Why do "they" always win awards?

  • Published
  • By Senior Master Sgt. Larry E. Simpson
  • 97th Communications Squadron
Doesn't it make you upset when you see the same people always winning awards, getting the recognition that you feel you deserve? So you ask yourself, "What can I do to improve my chances to make things better for me?" "How can I win these awards?" There are several ways to be successful at getting the recognition you deserve. Henry Ford once said, "Don't find fault, find a remedy; anybody can complain." Well in the Air Force, we stress the "whole person" concept. This concept generally covers three areas: leadership/job performance, self improvement, and base/community involvement. Largely, each of us strives to execute our work the best we can. Let's begin to pave the way to your success by first discussing leadership and job performance.

Leadership and job performance acknowledges how well we do our job. For the most part, the Air Force as a whole accepts only the best people. You should strive to be the best at what you do. One way is to develop or improve an existing process or program. What can you do that someone else didn't, couldn't or wouldn't do? Do something that is the benchmark, the Air Force standard or something innovative, new or simply the best of its kind. Whatever you accomplish, ask yourself, "Will it benefit the shop, the organization, the base, MAJCOM or affect the entire AF?"

Change is good, especially when there are things that are wrong such as operating instructions, policies, etc. Self improvement will be greatly enhanced if you conquer leadership and job performance.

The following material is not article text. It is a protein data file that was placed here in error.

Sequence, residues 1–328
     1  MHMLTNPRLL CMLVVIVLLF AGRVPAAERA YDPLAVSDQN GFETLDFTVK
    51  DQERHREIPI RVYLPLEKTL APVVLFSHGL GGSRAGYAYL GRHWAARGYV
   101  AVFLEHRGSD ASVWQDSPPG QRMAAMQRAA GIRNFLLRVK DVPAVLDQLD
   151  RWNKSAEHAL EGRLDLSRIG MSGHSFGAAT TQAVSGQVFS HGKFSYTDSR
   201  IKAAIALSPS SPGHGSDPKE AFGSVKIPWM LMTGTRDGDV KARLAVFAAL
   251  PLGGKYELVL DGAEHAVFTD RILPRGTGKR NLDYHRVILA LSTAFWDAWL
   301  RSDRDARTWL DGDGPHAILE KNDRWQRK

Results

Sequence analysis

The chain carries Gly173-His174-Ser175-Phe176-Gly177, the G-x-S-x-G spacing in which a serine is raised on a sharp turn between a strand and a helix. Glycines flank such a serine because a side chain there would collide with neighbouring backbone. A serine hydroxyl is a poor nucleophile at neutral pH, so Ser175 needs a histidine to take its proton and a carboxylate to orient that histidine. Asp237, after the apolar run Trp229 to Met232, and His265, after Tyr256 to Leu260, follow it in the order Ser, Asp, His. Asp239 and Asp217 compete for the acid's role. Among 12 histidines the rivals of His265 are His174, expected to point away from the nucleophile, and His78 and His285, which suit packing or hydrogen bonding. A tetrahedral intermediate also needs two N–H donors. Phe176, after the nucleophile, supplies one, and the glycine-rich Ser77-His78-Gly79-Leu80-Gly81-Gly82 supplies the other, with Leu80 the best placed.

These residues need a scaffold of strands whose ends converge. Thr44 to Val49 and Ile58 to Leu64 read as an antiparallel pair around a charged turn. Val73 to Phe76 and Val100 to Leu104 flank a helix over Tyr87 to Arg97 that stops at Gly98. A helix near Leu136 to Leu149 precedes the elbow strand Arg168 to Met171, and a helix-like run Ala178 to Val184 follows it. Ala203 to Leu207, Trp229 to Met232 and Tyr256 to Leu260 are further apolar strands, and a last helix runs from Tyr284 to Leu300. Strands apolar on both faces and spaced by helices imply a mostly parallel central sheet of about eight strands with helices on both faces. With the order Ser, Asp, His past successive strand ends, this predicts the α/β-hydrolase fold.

Self improvement can come in many forms of personal and professional growth. For enlisted personnel, the Air Force recommends the completion of the Community College of the Air Force associate's degree, especially before you are a senior NCO. Officers are encouraged to complete their master's degree before they make major. Taking college courses will help complete the degrees you seek, which is definitely significant self improvement. You can also take correspondence courses, or college level tests such as CLEPs or DANTES. Take an online course through the AF Portal.

Other avenues of self improvement are, reading leadership and management books and volunteering to attend special course and seminars related to your profession. The key component of self improvement to reflect on is to be sure these things are related to making you a more productive member of the Air Force and a better person overall. Naturally, self improvement and making yourself better should help you lead the way for base and community involvement.

Getting involved with the base and the community can not only make you feel good, but also gives something back to the community. The key to this area is making a difference in your squadron, base, and the local area. Becoming a member of the unit or base NCO or Airman's council is an excellent beginning. Organizing mock boards for the squadron or heading a mentorship program is paramount. Other ways to give back are to join a Habitat for Humanity program, an adopt-a-school program, or volunteer for key positions at special functions such as promotion ceremonies. Become an active member of professional organizations similar to the Air Force Sergeants' Association, "Top-3", "Team 5 6", "First Four Airman's Council" or one related to your career. Don't just volunteer; take a position to show your leadership ability. The key is to set yourself apart from all others.

If you use this advice, you will get the awards and recognition you deserve! Having stated that, I think you can answer the question, "What can I do to improve my chances to make things better for me?" Remember, in the Air Force we stress the "whole person" concept, which covers three areas: leadership/job performance, self improvement and base/community involvement. Come on now, you can win too. Find those things that interest you and go for it.